WSRE’s Imagination Station gives parents the power to build readers

Children in class with parents
Lydia Weeks’ favorite place to hang out is with Super Why. Her mom, Monique Weeks, brings Lydia, 2, to Super Why’s place — also known as WSRE’s Imagination Station. “I like that it’s free, it’s clean, and they have tons of toys, different toys that we don’t have buy,” says Monique Weeks with a laugh. “She talks about this place all the time and on Sunday she’s like, ‘Mom, we go see Super Why?’” The center is basically PBS programming come to life. Many of the characters and educational themes come to life through interactive games, touchscreen computers and toys. The team behind the project, led by Jill Hubbs, WSRE’s director of education and outreach, has worked to make it a place that parents can enjoy too. At Imagination Station, Weeks, recently transplanted to Pensacola by the U.S. Air Force, reads to Lydia, sometimes while sitting in a small fire truck, one of the many unique ways parents may interact with their little ones. Imagination Station is a one-of-kind interactive, PBS learning center that opened at the Community Maritime Park stadium in 2013. Since then, there have been more than 16,000 visitors. It is open Monday, Wednesday and Friday to the public and during Pensacola Blue Wahoos baseball games. Hubbs designed the activity center with preschoolers in mind, but parents are very much welcome. “It’s a great way for parents and kids to come into a relaxed atmosphere and spend time reading together or playing with the dinosaurs or doing the touchscreen computers too,” says Hubbs, who taught kindergarten and first grade for years. The center shares space with the Pensacola State College Learning Lab and a baseball museum that allows visitors to see the memorabilia collected during WSRE’s making of the documentary “Baseball in Pensacola.” Local learning centers, Head Start providers, ARC and other groups use it for enrichment. Its profile may have been low, but it is growing daily. It has even gained national attention. Last October, the project won the National Educational Telecommunications Association award for Community Engagement Based on a Local Project. At the NETA conference in October in Tampa, Hubbs will speak about Imagination Station. She also has been invited to speak about the project at an annual PBS meeting in Austin in May. “Parents are so grateful, we get thanked constantly, and then they bring their friends, so it’s a good feeling,” Hubbs says. “It’s also good because it makes people realize what WSRE does. Our mission is education. We’re committed to our community, and it’s just a great way to showcase that.”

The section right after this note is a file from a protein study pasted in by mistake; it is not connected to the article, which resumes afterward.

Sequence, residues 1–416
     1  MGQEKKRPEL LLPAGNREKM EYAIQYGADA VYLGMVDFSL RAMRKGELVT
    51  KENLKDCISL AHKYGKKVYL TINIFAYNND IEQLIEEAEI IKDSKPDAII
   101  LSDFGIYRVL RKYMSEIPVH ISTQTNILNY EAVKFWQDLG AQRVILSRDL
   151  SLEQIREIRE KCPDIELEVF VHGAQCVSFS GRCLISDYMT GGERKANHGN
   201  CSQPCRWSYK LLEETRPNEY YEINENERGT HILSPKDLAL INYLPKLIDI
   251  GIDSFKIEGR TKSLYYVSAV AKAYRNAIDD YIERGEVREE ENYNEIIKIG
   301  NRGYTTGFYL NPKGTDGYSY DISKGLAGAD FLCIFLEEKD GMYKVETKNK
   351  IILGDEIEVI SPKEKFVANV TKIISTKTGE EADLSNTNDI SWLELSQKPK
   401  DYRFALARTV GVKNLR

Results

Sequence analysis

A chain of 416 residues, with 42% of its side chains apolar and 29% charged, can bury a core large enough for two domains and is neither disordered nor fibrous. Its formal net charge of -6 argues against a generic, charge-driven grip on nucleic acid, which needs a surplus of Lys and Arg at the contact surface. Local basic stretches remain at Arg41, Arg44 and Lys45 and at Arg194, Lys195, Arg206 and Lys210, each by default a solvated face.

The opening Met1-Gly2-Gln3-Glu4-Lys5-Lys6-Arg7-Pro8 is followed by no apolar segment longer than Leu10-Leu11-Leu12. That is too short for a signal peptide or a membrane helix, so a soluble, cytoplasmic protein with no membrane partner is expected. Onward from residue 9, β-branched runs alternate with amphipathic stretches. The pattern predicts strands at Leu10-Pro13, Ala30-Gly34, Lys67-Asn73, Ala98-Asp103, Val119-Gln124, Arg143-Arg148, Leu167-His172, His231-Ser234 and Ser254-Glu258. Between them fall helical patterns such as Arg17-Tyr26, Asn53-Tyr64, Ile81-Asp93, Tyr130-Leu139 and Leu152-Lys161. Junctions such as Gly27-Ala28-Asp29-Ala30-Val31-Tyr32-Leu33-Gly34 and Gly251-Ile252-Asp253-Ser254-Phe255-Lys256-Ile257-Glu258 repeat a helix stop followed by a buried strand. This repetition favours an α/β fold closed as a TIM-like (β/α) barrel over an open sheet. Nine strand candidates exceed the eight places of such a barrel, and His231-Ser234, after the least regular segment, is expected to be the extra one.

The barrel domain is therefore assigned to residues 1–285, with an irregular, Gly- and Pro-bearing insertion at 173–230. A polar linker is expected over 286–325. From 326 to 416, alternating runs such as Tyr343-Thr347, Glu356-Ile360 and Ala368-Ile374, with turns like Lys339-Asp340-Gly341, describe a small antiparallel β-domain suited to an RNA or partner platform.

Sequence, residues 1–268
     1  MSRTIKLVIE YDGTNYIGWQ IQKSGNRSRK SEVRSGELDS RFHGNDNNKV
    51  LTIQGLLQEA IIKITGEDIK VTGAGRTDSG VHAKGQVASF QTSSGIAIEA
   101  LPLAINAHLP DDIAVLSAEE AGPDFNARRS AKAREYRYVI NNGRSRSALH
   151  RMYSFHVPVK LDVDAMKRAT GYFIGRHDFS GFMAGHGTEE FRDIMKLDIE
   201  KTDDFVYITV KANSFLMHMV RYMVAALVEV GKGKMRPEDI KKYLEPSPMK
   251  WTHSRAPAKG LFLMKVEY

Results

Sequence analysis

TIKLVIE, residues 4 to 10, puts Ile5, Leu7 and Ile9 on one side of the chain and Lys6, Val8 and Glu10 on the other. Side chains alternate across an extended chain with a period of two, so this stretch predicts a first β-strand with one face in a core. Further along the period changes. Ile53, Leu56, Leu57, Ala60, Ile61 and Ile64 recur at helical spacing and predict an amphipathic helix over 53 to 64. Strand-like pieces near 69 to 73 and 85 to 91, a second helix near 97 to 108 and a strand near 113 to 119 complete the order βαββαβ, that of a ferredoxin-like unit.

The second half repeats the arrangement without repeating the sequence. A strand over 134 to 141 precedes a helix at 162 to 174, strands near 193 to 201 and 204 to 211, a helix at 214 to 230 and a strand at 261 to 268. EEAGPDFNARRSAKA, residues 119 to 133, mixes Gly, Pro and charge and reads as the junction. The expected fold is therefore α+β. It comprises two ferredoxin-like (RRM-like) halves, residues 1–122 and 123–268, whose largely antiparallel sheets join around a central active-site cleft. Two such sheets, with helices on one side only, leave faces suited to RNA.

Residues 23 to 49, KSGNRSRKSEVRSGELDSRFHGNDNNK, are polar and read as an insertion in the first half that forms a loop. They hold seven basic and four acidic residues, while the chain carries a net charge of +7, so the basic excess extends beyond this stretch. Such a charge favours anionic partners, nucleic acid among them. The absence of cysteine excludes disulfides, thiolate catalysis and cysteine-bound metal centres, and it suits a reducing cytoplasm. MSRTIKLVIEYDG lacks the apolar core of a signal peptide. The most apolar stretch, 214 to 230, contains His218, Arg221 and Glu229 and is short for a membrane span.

A needed community resource

Educational groups with a focus on early intervention and children with special needs are now regular visitors at the center, including Autism Pensacola and Capstone Academy. Aileen Ilano teaches a special education preschool class at Capstone Academy. Many of her students have autism spectrum disorder. “I love that it’s very similar to a classroom setting,” Ilano says. “They have educational toys and books. They love the touchscreen computer with the interactive games.” Ilano plans a trip to Imagination Station once a quarter so parents have time to come. She says the time is invaluable. “If a parent comes, it allows for more one-on-one time,” Ilano says. “They love it and the children have a difficult time leaving.” That is music to Hubbs’ ears. “There’s no better feeling,” Hubbs says. “That’s really what it’s all about, the importance of the early years and just seeing that interaction.”

Growing commitment to lifelong learning

Richard Roselli often brings his 3-year-old granddaughter, Gracie Garman, to Imagination Station. Gracie says one of her favorite things to do here is “play on the computer.” “It’s a good place to bring kids,” Roselli says. “I usually see three or four families with one or two children each time we visit.” The center is not just a safe, fun place for young children to learn. It helps WSRE fulfill its commitment to learning at all ages. Parenting skills workshops have been hosted there. Teachers have had continuing education sessions. Schools have contacted Hubbs about hosting family literacy nights at the center. Pensacola State College has hosted financial literacy workshops for adults there and plans call for more similar events. The center’s fun, nonthreatening atmosphere makes it a safe space for lifelong learning, including continuing education classes, self-help courses, parenting skills, even GED classes, Hubbs says. With more support, she says the program could be expanded. “It’s limited in Pensacola,” Hubbs says. “We just need to do more things to invest in young children. It sounds cliché, but it’s the truth: The children are the future and a solid foundation in early childhood is the most important thing for success in school.”
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